For a Microsoft Windows operating system environment, the plug-ins 16 are compiled as dynamic link libraries. At processing environment 10 run time, the shell 14 scans a predefined directory for plug-in programs. When present, a plug-in program name is added to a list which is displayed in a window or menu for user selection. When an operator selects to run a plug-in 16, the corresponding dynamic link library is loaded into memory and a processor begins executing instructions from one of a set of pre-defined entry points for the plug-in. To access a video sequence and video object segmentations, a plug-in uses a set of callback functions. A plug-in interfaces to the shell program 14 through a corresponding application program interface module 18.

In addition, there is a segmentation interface 44 portion of the user interface 12 which is supported by a segmentation plug-in. The segmentation interface 44 makes calls to a segmentation plug-in to support operator selected segmentation commands (e.g., to execute a segmentation plug-in, configure a segmentation plug-in, or perform a boundary selection/edit).

The API's 18 typically allow the corresponding plug-in to access specific data structures on a linked need-to-access basis only. For example, an API serves to fetch a frame of video data, retrieve video object data from the video object manager, or store video object data with the video object manager. The separation of plug-ins and the interfacing through API's allows the plug-ins to be written in differing program languages and under differing programming environments than those used to create the user interface 12 and shell 14. In one embodiment the user interface 12 and shell 14 are written in C++. The plug-ins can be written in any language, such as the C programming language.

In a preferred embodiment each plug-in 16 is executed in a separate processing thread. As a result, the user interface 12 may display a dialog box that plug-ins can use to display progress, and from which a user can make a selection to stop or pause the plug-in's execution.

Referring again to FIG. 1, the user interface 12 includes the segmentation interface 44 and various display windows 54-62, dialogue boxes 64, menus 66 and button bars 68, along with supporting software code for formatting and maintaining such displays. In a preferred embodiment the user interface is defined by a main window within which a user selects one or more subordinate windows, each of which may be concurrently active at a given time. The subordinate windows may be opened or closed, moved and resized.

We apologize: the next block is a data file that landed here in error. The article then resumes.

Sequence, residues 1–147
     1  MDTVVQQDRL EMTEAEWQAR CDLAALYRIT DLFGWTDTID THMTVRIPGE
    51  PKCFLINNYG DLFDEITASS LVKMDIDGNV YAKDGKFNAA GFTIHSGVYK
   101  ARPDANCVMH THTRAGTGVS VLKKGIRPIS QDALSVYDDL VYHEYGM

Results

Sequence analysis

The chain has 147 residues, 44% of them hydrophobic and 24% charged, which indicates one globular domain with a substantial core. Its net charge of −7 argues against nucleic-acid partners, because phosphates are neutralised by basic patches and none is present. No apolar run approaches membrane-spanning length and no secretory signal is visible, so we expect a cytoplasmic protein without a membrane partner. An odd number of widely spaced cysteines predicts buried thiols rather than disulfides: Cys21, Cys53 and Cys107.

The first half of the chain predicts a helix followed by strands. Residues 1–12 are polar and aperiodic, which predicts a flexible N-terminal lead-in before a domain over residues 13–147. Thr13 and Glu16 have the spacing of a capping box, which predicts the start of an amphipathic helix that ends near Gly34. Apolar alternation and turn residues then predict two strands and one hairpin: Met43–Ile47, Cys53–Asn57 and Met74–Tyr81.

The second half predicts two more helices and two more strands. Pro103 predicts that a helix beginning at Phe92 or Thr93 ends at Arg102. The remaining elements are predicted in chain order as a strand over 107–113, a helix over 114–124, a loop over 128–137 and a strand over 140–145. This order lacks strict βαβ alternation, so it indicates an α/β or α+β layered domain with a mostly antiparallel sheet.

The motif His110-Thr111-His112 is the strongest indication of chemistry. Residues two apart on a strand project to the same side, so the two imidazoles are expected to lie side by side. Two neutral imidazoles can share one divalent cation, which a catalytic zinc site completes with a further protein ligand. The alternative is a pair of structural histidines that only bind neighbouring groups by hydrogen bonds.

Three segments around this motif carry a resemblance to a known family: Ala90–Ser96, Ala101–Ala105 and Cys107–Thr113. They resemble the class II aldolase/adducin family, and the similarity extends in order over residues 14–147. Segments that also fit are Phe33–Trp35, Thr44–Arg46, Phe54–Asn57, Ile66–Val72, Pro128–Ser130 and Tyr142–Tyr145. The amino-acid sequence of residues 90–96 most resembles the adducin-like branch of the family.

In a preferred embodiment there are several subordinate windows 52, including a video window 54, a zoom window 56, a time-line window 58, one or more encoder display windows 60, and one or more data windows 62. The video window 54 displays a video frame or a sequence of frames. For viewing a sequence of frames, the frames may be stepped, viewed in real time, viewed in slow motion or viewed in accelerated time. Included are input controls accessible to the operator by pointing and clicking, or by predefined key sequences. There are stop, pause, play, back, forward, step and other VCR-like controls for controlling the video presentation in the video window 54. In some embodiments there are scaling and scrolling controls also for the video window 54.

The zoom window 56 displays a zoom view of a portion of the video window 54 at a substantially larger magnification than the video window. The time-line window 58 includes an incremental time-line of video frames, along with zero or more thumb nail views of select video frames. The time line window 58 also includes a respective time-line for each video object defined for the input video sequence 11. A video object is defined by outlining the object.